Right now, buying new cars can be a stressful experience. Coupled with the fact that new car prices are higher than ever, you may not get a car at the price you want. What are some ways to avoid the dealers’ signs and still walk away with a vehicle you want?
Watch out for seller notes and added fees
Depending on the type of car, truck, or sport utility vehicle you may be interested in, there may be some type of dealer branding. This surcharge can be found on the window sticker or online listing. If the vehicle you want has this mark, you may want to find a less popular model. The Kia Telluride SUV and the Ford Maverick truck have been victims of this price change recently.
The more popular the vehicle, the higher the potential dealer markup. While some brands denounce these signs (looking at you, Ford), that doesn’t mean it’s not happening every day. According to iSeeCars, this latest study took a look at 1.2 million new car listings last month and found that most new cars sit somewhere around 9.9% above MSRP.
Try searching online for your desired vehicle to see a fair price. You can check local dealers or one in another state to see what the price looks like from another dealer. Don’t be afraid to walk away if you notice any extra fees added.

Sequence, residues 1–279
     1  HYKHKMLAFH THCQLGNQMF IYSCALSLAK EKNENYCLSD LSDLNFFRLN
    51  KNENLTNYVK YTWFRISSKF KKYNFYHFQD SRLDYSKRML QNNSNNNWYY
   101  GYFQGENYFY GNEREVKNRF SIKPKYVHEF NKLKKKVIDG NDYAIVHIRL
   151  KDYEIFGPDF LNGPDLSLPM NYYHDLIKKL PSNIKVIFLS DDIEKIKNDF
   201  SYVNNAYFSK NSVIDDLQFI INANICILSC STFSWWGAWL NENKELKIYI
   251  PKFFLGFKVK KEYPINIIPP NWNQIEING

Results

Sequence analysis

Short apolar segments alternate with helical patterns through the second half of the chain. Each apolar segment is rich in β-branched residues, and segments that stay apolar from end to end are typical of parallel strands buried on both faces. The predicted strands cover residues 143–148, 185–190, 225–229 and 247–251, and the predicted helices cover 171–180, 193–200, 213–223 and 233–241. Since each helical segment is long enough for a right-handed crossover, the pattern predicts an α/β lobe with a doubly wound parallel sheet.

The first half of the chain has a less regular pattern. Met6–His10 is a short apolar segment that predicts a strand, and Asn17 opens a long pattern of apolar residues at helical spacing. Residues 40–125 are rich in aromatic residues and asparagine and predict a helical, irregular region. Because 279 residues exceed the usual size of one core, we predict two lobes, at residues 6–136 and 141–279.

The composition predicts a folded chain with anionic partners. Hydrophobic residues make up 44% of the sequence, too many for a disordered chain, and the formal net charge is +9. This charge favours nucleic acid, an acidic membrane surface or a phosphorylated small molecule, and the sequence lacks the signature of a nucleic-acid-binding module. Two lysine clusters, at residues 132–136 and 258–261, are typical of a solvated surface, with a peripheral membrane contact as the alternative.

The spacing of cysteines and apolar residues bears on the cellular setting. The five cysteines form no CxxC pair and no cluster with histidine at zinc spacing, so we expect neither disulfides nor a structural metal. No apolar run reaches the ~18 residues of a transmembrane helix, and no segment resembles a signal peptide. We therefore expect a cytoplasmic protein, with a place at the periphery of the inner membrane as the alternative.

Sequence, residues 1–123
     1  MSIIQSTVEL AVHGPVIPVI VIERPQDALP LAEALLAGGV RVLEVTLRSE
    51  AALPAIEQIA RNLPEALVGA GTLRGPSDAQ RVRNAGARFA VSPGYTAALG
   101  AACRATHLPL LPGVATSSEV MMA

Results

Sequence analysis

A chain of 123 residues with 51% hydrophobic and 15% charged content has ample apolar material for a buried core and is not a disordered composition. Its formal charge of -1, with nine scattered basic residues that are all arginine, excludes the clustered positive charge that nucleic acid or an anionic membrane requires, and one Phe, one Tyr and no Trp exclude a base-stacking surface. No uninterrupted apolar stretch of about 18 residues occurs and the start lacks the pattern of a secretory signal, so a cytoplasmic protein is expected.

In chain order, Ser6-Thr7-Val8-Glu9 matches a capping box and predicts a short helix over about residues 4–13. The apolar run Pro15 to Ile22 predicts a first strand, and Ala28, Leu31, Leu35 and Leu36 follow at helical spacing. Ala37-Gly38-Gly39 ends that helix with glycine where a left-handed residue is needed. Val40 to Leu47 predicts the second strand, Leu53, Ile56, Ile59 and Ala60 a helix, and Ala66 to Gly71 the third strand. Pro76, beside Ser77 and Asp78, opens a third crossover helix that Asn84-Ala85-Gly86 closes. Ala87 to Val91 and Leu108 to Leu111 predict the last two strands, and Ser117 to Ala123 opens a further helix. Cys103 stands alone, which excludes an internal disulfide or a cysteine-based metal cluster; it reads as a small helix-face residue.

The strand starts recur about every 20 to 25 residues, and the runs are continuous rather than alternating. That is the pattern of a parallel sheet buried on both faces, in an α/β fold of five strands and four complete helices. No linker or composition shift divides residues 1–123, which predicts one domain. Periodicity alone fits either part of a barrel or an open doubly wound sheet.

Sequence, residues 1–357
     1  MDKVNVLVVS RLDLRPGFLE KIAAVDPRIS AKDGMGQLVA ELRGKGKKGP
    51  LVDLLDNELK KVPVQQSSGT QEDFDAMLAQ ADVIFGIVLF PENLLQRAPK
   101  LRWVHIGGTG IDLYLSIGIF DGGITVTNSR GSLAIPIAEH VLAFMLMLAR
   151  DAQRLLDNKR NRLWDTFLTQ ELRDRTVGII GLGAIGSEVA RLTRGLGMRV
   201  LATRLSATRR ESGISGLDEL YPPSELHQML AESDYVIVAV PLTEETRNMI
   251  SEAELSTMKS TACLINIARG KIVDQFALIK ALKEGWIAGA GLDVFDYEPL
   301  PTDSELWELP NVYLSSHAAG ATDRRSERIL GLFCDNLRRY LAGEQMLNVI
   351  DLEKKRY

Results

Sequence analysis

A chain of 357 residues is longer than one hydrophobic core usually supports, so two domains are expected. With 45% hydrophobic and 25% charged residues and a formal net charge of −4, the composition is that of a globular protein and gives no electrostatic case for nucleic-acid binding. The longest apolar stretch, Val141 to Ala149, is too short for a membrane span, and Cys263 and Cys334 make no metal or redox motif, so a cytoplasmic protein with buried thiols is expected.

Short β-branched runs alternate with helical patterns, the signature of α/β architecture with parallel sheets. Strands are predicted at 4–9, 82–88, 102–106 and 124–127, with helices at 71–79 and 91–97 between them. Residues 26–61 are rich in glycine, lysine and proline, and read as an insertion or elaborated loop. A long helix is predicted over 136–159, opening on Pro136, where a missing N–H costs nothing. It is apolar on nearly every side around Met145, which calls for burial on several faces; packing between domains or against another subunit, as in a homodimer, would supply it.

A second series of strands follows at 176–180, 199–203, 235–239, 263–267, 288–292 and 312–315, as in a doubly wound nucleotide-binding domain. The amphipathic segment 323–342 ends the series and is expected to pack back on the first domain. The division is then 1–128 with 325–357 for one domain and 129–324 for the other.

Shop to avoid dealer markup on a new car
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Gabe Shenhar of Consumer Reports oversees the purchase of cars for the auto-test program. He says, “If you can’t find the exact car you want locally, try broadening your search.” Many stores and online shopping websites will have a shipping option. CarMax offers to ship to your nearest dealer for a fee.
Finding a good deal can be worth it, even if there is a shipping fee. Some sellers have more success with additional seller notes, and others don’t put much faith in the practice. It depends on the owner and the brand.
Shenhar suggests taking a photo of the window sticker to see all fees and taxes. You can negotiate over the phone and then show up to sign the documents. While it still requires some work and preparation, shopping around can get you a better deal in the long run.
Know the trade-in value of your vehicles before you go to the market
You can use several tools to evaluate your trade-in before going to the dealership. Kelley Blue Book has the My Car’s Value tool to help evaluate your trade-in. Does Consumer Reports value your car? tool. You enter your car’s make, model, and model information. Add the mileage, condition of the vehicle and anything else that might affect the value. Consumer Reports will give you an estimate of trade-in value or private party pricing.
Buying a popular car like the Kia Telluride almost certainly means a dealership brand. Instead, try the 2022 Hyundai Palisade. The SUVs are nearly identical, but the Palisade isn’t marked down nearly as often.
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